It has been known for more than 150 years that action effects in bridges due to traffic action are higher than it has to be expected for purely static loads. In the design of road bridges, this difference is considered by multiplying static traffic loads with a "dynamic amplification factor". The amplification factors defined in codes are based on dynamic load tests on existing bridges. Despite of hundreds of tests in several countries, experimental investigation has not given satisfactory explanation of the observed phenomena, which has resulted in marked differences between amplification factors defined in different codes. This is due to the fact that the core of the matter – the dynamic interaction between vehicles and bridges– is a complex mechanical problem. Based on a detailed analysis it is shown in the introduction, that it can also be attributed to the fact, that the experimental investigation is more part of the problem than its solution. This thesis aims at getting a solid and systematic grounding in the problem using theoretical analysis. The centre of attention is the question, which importance dynamic phenomena have in those scenarios which are effectively relevant for the structural safety of a bridge. All scenarios are considered that justify an amplification factor, and not only dynamic vehicle – bridge interaction. The structural safety evaluation of a bridge includes the verification of the ultimate and the fatigue limit state. Accordingly, this thesis distinguishes between the interaction at ultimate limit state, for which inelastic bridge behaviour is assumed, and the interaction at service limit state with linear elastic bridge behaviour. The structural analysis of a bridge shows in addition, that the elements of the bridge deck differ considerably from the main girders: For the elements of the deck – i.e. primarily for the deck slab – dynamic interaction is of little importance, and amplification of action effects is essentially due to amplification of traffic action. In the case of the main girders, action effects are additionally amplified due to the oscillations of the structure. In order to analyse interaction at service limit state in detail, very sophisticated models are required, which do not only cover all relevant eigenmodes of the bridge but also the non-linear, dynamic behaviour of heavy vehicles and the precise road surface profile. Design and analysis of such models are mostly conferred to specialists in numeric analysis and structural dynamics. In the contrary, this thesis aims at capturing the fundamental connections by simple models, which facilitates the identification of the key parameters and the interpretation of their influence. The most important result of the analysis of vehicle – bridge interaction at service limit state is that the amplification factor is most influenced by the weight and the number of vehicles on a bridge. Whereas the amplification is negligible for high vehicle loads, tests with relatively lightweight vehicles on long bridges lead to a significant over-estimation of amplification factors. Furthermore it is shown that neither the span nor the natural frequency of a bridge is appropriate for fixing the amplification factor for a particular bridge and safety verification, respectively. It has been observed in dynamic load tests that deflection measurements consistently result in higher amplification factors than strain measurements. This phenomenon has been known for more than fifty years, but no explanation has been given so far. In this thesis an explanation is proposed and it is shown that deflection measurements result in an over-estimation of amplification factors. Similar considerations lead to a proposal for a more suitable application of amplification factors in the verification of shear force. A completely new approach is chosen for the analysis of vehicle – bridge interaction at ultimate limit state. The effective behaviour at rupture is taken into account, which necessitates first to deal with the influence of loading velocity on material strength. It is shown that only for impact loading of deck slabs due to dynamic tyre forces a minor increase in concrete strength can be expected. An important prerequisite for the understanding of dynamic behaviour at ultimate limit state is the "gravity effect", which is shown to cause massive reduction in the dissipation capacity of a structure. The determinant criterion with inelastic behaviour is deformability and not stiffness. Simple models are used to study the influence of deformability and gravity effect in the most important cases of dynamically amplified traffic action. The results show, under which conditions the dynamic amplification of action effects can be compensated by plastic deformation of the structure without causing its failure. If the steel yield stress is already attained due to the static part of traffic action, compensation of the dynamic part is only assured if the rupture behaviour is characterised by strain hardening. A simple condition of equilibrium shows that dynamic amplification due to centrifugal forces cannot be absorbed by deformations of the structure. However, rupture behaviour characterised by significant deformation causes a delay in the failure of the structure, which can be sufficient to prevent the definitive rupture anyway, depending on the scenario. In addition to these reflections, it is attempted to determine the importance of shear failures with respect to flexural failures, in order to estimate the probability of this comparatively brittle failure mechanism. In view of the application of the findings, the relevant results are synthesized and a concept for the safety verification accounting for dynamic traffic action is developed. The concept is based on the distinction between verifications at ultimate and service limit state on the one hand, and the separate treatment of elements of the deck and main girders on the other hand. This differentiation allows integrating risk based considerations using explicit hazard scenarios. An important point in the application of the findings is the recommendation to emphasize the benefit of good road surface evenness in the maintenance of structures. A necessary complement in establishing the recommended amplification factors is the detailed analysis of the reaction of vehicles to road surface irregularities. The dynamic tyre forces for different vehicle and axle types, respectively, are analysed, since the findings indicate that the amplification of tyre forces is much more important in fixing amplification factors than the dynamic behaviour of bridges. The investigations clearly show that higher axle loads imply lower amplification factors, and that the maximum amplification of axle forces in axle groups never occurs simultaneously for all axles. The thesis is finished by an annexe including introductions to the dynamic behaviour of vehicles and bridges as well as to the modelling of traffic loads and road surface irregularities. In addition to an extensive review of the state of the art, these introductions constitute an important basis of the work and facilitate understanding of the calculations in the main part.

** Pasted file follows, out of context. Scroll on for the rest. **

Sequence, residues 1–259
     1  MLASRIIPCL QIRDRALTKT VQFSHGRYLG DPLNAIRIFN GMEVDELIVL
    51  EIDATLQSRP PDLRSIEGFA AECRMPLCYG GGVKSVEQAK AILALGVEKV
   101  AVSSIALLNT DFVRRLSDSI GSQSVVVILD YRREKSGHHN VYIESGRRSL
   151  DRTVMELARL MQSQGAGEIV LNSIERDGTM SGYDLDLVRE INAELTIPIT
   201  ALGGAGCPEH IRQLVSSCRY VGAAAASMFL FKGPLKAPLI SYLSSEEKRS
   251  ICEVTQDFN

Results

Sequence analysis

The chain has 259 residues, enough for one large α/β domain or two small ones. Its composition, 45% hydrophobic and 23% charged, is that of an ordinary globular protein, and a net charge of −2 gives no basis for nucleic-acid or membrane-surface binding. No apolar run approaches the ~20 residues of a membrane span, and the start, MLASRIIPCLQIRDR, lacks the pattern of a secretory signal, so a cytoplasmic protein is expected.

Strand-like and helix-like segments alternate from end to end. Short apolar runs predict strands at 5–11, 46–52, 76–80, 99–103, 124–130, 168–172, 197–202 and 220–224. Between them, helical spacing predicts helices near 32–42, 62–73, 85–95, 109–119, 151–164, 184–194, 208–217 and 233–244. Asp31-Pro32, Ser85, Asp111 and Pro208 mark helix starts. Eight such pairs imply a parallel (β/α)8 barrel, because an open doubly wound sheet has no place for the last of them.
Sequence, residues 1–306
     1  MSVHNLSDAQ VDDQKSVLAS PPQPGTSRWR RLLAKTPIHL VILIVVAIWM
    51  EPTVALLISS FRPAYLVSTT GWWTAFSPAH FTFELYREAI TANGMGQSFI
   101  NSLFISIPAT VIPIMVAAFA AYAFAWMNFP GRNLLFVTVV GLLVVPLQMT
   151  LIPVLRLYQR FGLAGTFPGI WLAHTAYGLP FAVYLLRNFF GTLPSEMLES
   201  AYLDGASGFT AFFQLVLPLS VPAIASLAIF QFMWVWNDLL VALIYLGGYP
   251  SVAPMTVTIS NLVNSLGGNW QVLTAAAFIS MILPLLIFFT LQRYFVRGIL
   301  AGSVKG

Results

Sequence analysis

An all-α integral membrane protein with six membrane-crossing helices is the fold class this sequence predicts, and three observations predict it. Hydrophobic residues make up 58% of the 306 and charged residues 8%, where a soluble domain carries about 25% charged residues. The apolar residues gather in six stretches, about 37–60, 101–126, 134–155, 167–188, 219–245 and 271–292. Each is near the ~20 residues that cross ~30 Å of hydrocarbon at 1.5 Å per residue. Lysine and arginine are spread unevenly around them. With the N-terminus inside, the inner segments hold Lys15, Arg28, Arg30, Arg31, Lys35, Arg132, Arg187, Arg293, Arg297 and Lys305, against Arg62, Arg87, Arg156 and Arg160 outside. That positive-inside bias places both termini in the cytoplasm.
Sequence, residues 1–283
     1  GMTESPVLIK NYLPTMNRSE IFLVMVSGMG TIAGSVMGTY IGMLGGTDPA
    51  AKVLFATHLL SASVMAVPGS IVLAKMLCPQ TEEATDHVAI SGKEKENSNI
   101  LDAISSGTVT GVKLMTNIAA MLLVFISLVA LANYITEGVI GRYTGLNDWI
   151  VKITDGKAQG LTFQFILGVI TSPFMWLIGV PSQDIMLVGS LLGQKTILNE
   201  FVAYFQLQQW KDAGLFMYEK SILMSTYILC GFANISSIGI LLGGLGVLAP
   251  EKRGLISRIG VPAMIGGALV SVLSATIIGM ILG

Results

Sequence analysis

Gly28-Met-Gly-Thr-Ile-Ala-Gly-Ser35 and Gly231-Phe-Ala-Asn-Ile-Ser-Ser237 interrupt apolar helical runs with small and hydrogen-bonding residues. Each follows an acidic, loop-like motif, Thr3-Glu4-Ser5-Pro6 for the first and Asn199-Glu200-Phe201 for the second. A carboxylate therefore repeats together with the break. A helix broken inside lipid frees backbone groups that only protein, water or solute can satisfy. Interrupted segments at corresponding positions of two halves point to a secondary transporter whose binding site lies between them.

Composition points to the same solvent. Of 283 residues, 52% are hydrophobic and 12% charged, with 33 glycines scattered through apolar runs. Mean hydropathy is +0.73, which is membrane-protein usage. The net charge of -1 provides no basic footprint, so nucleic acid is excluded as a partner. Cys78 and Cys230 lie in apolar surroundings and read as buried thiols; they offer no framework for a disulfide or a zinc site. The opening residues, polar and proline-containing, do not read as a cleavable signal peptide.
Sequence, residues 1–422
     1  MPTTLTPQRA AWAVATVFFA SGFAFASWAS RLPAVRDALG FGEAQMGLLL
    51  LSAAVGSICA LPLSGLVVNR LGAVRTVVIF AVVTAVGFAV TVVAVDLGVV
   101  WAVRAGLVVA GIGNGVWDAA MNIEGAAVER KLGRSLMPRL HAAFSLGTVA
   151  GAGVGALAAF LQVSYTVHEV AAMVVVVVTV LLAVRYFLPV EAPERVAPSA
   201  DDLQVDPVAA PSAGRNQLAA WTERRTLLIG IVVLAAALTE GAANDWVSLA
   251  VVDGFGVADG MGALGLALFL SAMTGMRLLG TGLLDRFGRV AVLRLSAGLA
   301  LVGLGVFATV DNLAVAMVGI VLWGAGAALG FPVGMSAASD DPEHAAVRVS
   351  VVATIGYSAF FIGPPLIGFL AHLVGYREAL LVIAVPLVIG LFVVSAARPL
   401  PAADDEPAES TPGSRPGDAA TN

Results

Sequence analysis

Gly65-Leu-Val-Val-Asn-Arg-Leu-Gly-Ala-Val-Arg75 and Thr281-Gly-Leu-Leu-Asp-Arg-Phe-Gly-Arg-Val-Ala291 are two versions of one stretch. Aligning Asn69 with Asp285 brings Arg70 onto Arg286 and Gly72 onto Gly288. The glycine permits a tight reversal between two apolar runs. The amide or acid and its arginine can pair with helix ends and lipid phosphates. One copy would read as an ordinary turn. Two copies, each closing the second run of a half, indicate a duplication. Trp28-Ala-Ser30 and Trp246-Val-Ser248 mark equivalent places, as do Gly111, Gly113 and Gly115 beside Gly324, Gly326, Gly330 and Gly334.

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The mitogen-activated protein kinase (MAPK) cascades are ubiquitous in eukaryotic signal transduction, and these pathways are conserved in cells from yeast to mammals. They relay extracellular stimuli from the plasma membrane to targets in the cytoplasm and nucleus, initiating diverse responses involving cell growth, mitogenesis, differentiation and stress responses in mammalian cells. Detailed kinetics models of MAPK cascades have been constructed in recent years that are comprised of mixed sets of differential and algebraic equations (DAEs). Such models typically involve many parameters, such as the kinetic rate constants and the concentration ratios between various kinases and phosphatases, the values of which are not directly accessible in vivo and are subject to large uncertainty. Dynamic optimization has proved to be a very useful tool to help relate the model parameters to functions in MAPK networks. Large-scale, nonlinear DAE models can be handled within this framework, as well as a large variety of objective functions and constraints. In a recent work, the response of an interconvertible monocyclic cascade (phosphorylation- dephosphorylation cycle) has been studied. It was shown, using dynamic optimization, that values of the kinetic parameters that confer, at the same time, (i) a short response time, (ii) a large amplification capability, and (iii) a steep response profile to a graded input (ultrasensitivity) can be found. However, it was also found that, in a monocyclic cascade, these properties are not robust towards variations in the ratio between signaling enzyme and substrate kinase concentrations as well as the ratio between phosphatase and substrate kinase concentrations. In this presentation, we extend the analysis to the general case of multiple levels of cascades, with emphasis on a linear three-kinase model. The same response properties as in the monocyclic case are considered, and dynamic optimization is employed to identify parameter values that optimize these response properties. Special emphasis is placed on the robustness of the resulting tricyclic cascades in the face of variations in kinase and phosphatase concentration ratios. Comparisons with the monocyclic cascade case are also presented.

2008